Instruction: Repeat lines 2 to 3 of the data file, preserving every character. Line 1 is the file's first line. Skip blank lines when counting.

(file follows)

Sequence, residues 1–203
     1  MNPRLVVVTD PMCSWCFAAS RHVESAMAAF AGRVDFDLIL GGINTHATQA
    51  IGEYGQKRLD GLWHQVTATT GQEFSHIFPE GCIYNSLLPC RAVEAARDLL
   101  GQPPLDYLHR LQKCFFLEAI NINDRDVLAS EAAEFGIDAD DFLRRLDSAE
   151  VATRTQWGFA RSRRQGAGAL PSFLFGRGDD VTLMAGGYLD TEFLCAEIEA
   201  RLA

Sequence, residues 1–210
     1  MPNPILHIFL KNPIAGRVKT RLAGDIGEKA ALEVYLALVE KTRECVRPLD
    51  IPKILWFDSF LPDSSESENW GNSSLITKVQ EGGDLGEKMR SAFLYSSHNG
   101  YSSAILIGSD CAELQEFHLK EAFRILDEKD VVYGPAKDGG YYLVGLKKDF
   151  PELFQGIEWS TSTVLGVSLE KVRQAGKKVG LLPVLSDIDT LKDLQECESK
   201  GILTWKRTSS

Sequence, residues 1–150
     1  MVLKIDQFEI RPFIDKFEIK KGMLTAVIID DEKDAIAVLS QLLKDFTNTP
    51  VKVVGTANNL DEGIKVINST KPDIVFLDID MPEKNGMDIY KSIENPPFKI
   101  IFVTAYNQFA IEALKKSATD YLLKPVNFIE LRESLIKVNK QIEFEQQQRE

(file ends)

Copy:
     1  MNPRLVVVTD PMCSWCFAAS RHVESAMAAF AGRVDFDLIL GGINTHATQA
    51  IGEYGQKRLD GLWHQVTATT GQEFSHIFPE GCIYNSLLPC RAVEAARDLL